Original Research

‘Taming untamed pests’: Representing female sexualities in Tiyambe Zeleza’s Smouldering Charcoal and James Ng’ombe’s Sugarcane with Salt

Asante L. Mtenje
Literator | Vol 38, No 2 | a1341 | DOI: https://doi.org/10.4102/lit.v38i2.1341 | © 2017 Asante L. Mtenje | This work is licensed under CC Attribution 4.0
Submitted: 31 August 2016 | Published: 29 May 2017

About the author(s)

Asante L. Mtenje, Department of English, University of Stellenbosch, South Africa


In this article, I explore a range of intersections between the ideological-material legacies of a dictatorial regime and representations of female sexuality in Malawian fiction. I am particularly interested in using literary narratives to examine how fiction writers explore the congruencies and disjunctures amongst outright political dictatorship and the impact on bodies and behaviours of state-inflected institutions such as ‘the family’, along with discourses such as gender, culture and religion that are commonly mobilised in the service of national identity. Focusing on Tiyambe Zeleza’s Smouldering Charcoal and James Ng’ombe’s Sugarcane with Salt, I investigate how the authors’ portrayal of female sexuality contest at the same time as they reproduce received, normative ‘truths’ about female sexualities. By focusing on female sexual agency, desire and pleasure, this article also examines class-inflected intergenerational differences between women’s conceptualisations of female sexualities as a construct that can be negotiated.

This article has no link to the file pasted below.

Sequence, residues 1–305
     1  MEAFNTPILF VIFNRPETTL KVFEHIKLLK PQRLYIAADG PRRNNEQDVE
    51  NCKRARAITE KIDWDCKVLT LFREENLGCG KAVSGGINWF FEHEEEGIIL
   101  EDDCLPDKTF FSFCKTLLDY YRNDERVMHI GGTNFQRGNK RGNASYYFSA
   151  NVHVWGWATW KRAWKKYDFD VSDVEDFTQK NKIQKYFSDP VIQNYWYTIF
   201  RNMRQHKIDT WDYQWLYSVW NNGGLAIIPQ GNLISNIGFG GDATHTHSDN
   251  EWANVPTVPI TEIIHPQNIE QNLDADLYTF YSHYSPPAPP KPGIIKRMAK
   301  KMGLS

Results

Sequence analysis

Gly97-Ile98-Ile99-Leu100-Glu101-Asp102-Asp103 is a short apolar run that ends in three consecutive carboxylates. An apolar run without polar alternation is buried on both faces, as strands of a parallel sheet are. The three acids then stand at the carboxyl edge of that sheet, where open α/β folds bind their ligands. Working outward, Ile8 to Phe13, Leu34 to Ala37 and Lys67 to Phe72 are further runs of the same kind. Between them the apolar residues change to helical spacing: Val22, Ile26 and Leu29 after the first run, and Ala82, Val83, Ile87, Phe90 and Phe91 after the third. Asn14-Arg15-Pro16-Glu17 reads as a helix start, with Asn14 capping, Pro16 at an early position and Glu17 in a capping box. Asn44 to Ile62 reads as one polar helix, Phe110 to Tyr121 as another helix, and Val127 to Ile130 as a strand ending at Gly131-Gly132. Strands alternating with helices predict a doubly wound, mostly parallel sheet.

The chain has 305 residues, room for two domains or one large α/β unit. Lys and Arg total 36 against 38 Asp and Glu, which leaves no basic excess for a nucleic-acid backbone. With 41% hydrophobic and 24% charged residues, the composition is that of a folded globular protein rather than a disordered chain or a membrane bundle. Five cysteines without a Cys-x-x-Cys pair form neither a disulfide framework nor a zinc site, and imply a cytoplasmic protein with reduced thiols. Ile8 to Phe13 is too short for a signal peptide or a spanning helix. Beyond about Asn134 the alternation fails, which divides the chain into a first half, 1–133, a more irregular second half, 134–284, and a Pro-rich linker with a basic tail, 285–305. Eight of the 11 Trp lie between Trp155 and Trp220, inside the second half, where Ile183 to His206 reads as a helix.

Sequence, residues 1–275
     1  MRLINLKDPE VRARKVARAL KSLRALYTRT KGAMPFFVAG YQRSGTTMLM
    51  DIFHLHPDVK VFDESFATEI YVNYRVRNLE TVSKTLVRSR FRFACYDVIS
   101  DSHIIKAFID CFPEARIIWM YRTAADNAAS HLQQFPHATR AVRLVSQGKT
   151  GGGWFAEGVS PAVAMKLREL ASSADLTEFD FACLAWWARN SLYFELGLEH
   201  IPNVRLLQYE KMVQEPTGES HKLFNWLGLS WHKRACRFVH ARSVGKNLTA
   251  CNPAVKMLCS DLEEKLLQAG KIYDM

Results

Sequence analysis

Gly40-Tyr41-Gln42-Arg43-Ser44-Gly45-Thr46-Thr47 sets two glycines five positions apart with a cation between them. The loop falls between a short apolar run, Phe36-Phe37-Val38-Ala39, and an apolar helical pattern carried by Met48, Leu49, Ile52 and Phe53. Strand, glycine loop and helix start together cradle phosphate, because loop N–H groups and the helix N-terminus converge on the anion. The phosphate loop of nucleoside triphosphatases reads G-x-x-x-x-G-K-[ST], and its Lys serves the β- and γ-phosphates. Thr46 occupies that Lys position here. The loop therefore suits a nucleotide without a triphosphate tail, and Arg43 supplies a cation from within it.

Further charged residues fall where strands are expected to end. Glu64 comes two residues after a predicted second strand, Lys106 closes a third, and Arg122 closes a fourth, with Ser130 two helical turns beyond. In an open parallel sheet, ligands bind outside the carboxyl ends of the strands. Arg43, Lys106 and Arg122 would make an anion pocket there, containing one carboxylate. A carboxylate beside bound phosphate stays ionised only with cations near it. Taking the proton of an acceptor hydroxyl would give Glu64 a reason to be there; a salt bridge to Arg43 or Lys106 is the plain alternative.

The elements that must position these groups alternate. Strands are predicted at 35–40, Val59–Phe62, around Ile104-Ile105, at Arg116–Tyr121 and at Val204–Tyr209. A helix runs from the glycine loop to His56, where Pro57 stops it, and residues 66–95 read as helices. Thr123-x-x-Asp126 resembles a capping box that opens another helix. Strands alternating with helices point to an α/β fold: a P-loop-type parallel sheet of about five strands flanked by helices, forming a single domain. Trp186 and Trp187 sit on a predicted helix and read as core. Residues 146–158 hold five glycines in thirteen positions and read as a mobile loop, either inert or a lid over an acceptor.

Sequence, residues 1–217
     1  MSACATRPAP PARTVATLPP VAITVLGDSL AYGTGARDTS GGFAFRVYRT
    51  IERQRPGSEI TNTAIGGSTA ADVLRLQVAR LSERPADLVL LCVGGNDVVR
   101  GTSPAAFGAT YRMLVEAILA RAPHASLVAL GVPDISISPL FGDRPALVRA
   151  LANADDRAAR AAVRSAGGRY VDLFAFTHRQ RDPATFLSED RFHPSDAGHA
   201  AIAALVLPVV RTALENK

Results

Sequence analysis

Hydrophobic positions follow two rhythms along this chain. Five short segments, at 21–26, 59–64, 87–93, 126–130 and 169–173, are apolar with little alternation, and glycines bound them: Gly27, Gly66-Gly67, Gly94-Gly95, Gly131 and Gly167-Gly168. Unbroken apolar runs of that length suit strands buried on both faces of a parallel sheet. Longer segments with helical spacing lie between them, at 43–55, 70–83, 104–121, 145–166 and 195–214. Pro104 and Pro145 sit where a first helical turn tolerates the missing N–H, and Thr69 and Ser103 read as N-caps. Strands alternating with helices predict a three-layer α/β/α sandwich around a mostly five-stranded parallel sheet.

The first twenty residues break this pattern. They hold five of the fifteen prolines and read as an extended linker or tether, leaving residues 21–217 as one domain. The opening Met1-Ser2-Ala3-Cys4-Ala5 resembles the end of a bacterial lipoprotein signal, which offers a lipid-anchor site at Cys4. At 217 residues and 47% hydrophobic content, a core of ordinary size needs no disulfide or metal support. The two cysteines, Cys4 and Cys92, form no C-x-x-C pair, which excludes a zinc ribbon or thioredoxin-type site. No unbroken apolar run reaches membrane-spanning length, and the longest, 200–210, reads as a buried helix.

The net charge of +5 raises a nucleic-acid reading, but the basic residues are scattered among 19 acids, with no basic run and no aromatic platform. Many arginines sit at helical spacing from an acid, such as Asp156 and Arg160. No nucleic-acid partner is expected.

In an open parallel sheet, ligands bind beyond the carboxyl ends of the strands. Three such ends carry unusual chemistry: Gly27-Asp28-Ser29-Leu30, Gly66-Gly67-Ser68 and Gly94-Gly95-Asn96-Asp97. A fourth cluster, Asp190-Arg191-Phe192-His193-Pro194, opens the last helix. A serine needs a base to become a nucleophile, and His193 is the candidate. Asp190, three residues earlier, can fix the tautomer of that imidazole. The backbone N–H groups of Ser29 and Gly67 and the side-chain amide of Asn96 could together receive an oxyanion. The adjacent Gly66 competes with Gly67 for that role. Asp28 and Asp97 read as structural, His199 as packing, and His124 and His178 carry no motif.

Sexuality; dictatorship; agency; power


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